“[It] is often forgotten that the concept of social death is a distillation from Patterson’s breathtaking survey – a theoretical abstraction that is meant not to describe the lived experiences of the enslaved so much as to reduce them to a least common denominator that could reveal the essence of slavery in an ideal-type slave, short of meaningful heritage. As a concept, it is what Frederick Cooper has called an ‘agentless abstraction’ that provides a neat cultural logic but ultimately does little to illuminate the social and political experiences of enslavement and the struggles that produce historic transformations.”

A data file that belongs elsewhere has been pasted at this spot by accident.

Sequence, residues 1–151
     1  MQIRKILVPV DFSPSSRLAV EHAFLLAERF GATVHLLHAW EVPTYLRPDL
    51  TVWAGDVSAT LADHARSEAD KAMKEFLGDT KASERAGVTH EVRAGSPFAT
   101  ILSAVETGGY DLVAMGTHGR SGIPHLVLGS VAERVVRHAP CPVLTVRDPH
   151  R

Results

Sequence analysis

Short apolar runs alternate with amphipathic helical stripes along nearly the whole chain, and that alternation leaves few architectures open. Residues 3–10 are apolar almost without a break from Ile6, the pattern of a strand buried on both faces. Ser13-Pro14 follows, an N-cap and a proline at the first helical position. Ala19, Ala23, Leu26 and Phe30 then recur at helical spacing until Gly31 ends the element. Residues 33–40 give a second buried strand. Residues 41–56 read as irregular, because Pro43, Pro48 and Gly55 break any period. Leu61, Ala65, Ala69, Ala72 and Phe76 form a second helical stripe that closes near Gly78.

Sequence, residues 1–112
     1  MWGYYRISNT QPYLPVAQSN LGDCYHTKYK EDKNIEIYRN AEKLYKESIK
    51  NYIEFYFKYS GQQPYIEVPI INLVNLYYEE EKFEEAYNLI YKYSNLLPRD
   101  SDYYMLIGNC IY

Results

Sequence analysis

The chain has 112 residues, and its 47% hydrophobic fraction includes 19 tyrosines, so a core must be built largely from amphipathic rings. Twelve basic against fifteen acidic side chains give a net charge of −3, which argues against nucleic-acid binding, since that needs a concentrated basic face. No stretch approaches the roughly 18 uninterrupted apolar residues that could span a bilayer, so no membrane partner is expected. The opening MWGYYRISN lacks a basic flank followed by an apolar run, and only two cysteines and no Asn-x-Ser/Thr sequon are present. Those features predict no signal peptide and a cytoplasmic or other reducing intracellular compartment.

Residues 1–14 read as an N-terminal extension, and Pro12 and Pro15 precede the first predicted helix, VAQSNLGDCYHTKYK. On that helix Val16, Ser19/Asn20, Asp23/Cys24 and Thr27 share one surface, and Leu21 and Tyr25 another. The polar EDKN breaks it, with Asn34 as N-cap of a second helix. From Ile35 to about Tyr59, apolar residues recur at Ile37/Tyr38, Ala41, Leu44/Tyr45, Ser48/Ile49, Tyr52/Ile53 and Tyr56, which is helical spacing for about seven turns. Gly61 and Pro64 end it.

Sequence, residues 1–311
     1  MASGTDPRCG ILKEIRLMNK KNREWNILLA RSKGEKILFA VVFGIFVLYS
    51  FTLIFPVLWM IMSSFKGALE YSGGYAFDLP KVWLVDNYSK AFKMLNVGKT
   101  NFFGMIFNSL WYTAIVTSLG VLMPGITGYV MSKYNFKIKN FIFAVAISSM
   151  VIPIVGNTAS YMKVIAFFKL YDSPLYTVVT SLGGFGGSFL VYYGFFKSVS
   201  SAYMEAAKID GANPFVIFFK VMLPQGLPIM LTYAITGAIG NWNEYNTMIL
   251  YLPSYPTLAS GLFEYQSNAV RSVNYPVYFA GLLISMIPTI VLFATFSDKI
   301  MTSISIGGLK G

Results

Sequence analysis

I must preface this piece by admitting that I have no formal training in public history. As such, I cannot offer the same type of illuminating critique that my colleague, Will Ippen, has provided in the companion piece to mine. What I can do, however, is frame the debate over the Hampton National Historic Site’s “Slave for a Day” event within the context of the extant historiography on North American slavery.
In his excellent essay on the legacy of Orlando Patterson’s Slavery and Social Death, historian Vincent Brown articulates a tension between scholarship emphasizing the dehumanizing aspects of antebellum slavery and the overwhelming power of the institution and those works that focus on the collective agency of the enslaved population and the ways in which they resisted enslavement. In my opinion, the outcry over the “Slave for a Day” event reflects a tendency among many to adopt the interpretation of slavery stressing the power of the institution to oppress enslaved people.